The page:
‘Adanga Maru’ review: An engaging revenge drama

A still from the movie "Adanga Maru".  

Kollywood’s obsession with cops continues with Adanga Maru. Jayam Ravi might be just another sub-inspector in the force, but he gets a clichéd introductory sequence in the film. A situation has developed, and it’s up to Subhash (Jayam Ravi) to solve it. A low-angle shot of his boots. Slow-motion shots of him striding. A giant leap into the air to announce himself. Was this going to be another Singam, I thought.

Apparently not, the director announces it the following sequences where he details how a sub-inspector — one of the small cogs in the police force — cannot do anything on his own accord. He has to “obey the order”. This particular phrase is repeated thrice within minutes of each other, drilling into us their difficulties in functioning (or even thinking independently). “Nammaluku kova pada kuda urimai illai” (“We don’t even have the right to get angry”), a senior tells Subhash. He gradually understands how true that is.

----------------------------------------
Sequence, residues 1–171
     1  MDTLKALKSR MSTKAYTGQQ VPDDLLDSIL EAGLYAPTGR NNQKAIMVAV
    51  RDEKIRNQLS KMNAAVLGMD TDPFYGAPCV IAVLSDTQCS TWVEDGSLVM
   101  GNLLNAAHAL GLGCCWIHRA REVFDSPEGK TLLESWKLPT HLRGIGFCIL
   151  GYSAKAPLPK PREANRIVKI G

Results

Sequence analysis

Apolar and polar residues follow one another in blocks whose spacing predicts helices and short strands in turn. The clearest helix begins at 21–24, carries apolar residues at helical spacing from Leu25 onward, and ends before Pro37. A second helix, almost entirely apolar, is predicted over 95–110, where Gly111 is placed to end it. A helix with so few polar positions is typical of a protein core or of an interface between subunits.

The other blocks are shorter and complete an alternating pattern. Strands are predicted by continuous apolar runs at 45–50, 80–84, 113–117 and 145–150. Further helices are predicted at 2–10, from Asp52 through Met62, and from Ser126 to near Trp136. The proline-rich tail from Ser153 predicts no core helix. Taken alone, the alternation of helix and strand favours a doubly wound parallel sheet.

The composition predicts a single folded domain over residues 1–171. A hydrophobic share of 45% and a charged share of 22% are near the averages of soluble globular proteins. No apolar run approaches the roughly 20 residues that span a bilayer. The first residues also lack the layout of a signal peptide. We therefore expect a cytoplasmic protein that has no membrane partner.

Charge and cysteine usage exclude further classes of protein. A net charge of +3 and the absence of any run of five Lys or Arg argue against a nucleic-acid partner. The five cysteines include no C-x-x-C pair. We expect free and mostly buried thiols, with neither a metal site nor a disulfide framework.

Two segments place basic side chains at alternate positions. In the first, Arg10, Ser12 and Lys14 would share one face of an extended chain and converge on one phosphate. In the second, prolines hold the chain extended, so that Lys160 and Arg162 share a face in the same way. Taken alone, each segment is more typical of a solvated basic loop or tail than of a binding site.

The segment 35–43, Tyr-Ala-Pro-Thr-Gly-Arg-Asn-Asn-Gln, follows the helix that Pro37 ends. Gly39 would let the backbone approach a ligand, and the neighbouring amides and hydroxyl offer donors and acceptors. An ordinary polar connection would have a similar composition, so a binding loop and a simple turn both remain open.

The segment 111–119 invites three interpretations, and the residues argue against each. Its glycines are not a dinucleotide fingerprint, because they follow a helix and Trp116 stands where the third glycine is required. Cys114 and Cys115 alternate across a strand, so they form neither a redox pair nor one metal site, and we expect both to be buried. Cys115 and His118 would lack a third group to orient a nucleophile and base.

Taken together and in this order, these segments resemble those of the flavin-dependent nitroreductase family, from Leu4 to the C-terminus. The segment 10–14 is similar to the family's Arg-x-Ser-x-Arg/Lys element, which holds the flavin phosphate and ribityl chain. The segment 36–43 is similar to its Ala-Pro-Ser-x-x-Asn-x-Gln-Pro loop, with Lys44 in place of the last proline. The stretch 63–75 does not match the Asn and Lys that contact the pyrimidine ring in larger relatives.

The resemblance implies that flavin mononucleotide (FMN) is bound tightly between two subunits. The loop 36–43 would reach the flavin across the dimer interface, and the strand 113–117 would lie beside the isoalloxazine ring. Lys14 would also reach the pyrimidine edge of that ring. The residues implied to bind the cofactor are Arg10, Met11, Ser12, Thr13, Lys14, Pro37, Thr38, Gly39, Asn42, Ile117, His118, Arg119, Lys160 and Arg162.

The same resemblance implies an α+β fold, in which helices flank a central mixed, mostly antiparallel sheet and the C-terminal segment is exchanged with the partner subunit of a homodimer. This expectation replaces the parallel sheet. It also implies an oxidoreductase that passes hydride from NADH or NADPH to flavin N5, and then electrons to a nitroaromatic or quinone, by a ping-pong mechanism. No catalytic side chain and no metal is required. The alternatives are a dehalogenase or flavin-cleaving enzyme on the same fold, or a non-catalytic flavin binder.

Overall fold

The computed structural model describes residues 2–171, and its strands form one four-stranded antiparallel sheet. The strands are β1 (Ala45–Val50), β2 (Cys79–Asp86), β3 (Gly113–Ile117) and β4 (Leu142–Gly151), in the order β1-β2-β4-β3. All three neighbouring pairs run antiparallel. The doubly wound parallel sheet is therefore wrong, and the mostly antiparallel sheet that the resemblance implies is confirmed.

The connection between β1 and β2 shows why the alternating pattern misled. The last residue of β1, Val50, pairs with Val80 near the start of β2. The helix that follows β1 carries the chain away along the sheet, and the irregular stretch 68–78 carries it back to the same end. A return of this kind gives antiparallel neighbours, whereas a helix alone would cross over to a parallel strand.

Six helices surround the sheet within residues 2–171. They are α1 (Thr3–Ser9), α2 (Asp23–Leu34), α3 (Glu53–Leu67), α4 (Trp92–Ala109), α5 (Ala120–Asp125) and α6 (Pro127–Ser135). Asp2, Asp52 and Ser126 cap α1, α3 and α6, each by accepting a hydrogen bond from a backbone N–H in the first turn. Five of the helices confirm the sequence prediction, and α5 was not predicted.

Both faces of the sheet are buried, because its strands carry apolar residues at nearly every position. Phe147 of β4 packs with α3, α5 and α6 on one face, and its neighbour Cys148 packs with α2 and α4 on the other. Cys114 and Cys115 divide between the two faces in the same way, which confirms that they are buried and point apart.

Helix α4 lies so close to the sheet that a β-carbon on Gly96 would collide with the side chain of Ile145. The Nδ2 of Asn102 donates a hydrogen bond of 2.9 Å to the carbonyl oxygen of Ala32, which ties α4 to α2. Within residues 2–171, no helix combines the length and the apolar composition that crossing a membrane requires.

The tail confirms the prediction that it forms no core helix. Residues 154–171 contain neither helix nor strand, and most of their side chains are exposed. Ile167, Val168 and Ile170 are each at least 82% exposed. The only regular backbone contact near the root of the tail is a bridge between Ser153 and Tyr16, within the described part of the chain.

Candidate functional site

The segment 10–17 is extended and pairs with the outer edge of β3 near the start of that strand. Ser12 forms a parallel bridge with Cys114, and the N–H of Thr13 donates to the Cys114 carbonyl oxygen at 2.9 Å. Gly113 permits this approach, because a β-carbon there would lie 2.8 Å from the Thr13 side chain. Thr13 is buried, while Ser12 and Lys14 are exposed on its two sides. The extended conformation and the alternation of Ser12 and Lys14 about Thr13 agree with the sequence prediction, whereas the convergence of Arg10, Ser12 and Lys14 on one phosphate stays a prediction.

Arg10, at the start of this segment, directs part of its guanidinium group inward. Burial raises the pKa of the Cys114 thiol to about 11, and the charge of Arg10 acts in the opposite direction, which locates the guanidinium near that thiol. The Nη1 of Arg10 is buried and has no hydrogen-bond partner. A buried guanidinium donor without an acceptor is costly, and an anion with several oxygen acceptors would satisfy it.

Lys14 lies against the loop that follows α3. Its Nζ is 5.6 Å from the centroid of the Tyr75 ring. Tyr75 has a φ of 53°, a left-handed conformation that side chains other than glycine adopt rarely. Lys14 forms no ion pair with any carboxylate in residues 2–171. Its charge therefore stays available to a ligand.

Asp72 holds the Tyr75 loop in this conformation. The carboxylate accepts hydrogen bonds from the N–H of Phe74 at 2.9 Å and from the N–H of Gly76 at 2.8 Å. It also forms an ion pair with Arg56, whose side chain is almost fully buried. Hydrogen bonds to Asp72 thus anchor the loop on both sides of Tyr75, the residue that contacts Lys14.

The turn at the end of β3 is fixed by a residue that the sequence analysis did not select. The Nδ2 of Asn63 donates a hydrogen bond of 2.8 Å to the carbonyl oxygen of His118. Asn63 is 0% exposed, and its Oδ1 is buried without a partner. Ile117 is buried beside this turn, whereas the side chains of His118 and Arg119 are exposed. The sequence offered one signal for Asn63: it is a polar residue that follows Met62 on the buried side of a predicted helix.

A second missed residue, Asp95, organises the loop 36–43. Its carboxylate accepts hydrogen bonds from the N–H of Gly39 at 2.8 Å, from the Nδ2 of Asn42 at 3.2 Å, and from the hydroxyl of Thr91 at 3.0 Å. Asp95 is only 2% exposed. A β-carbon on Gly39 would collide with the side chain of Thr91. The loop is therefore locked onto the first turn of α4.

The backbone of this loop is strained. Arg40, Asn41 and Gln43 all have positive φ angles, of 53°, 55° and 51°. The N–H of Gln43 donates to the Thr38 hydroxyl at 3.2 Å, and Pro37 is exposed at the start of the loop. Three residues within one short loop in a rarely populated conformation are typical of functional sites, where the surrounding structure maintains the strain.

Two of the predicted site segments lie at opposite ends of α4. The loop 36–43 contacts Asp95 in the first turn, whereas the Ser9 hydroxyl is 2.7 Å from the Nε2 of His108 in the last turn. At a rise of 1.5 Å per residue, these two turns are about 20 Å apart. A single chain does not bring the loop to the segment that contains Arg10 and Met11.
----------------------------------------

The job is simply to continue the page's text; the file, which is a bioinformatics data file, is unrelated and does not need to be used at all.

Film: Adanga Maru
  • Genre: Action
  • Cast: Jayam Ravi, Rashi Khanna, Sampath
  • Storyline: A cop has to get even with his enemies even when he’s not with the force

The first half runs on predictable lines — a love angle with Rashi Khanna that serves no real purpose and the run-in with some rich kids seems routine. AdangaMaru saunters on without much of an aim, untill Subhash decides that he’s had enough of the force. The minute he takes that decision, the film picks up.

The second half might have just been an ordinary revenge drama on paper, but it’s to director Karthik Thangavel’s credit that it has some neat whistle-worthy moments. The cat-and-mouse game between Subhash and his enemies gets engaging as the film progresses. The filmmaker’s ideas in the revenge angle, especially the sequences that feature a mobile phone game, is imaginative and well constructed.

Jayam Ravi aces his role. He’s on top of his game in the action sequences, though they are too massy and almost belong to another film. The villains are all one-dimensionally written and the hero seems to conveniently be abreast of technology all the time, but the film moves at such a quick pace that it doesn’t give you time to introspect. Thanks to its speedy screenplay, Adanga Maru finishes as a fairly engaging watch.

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Printable version | Jan 25, 2022 2:33:17 AM |

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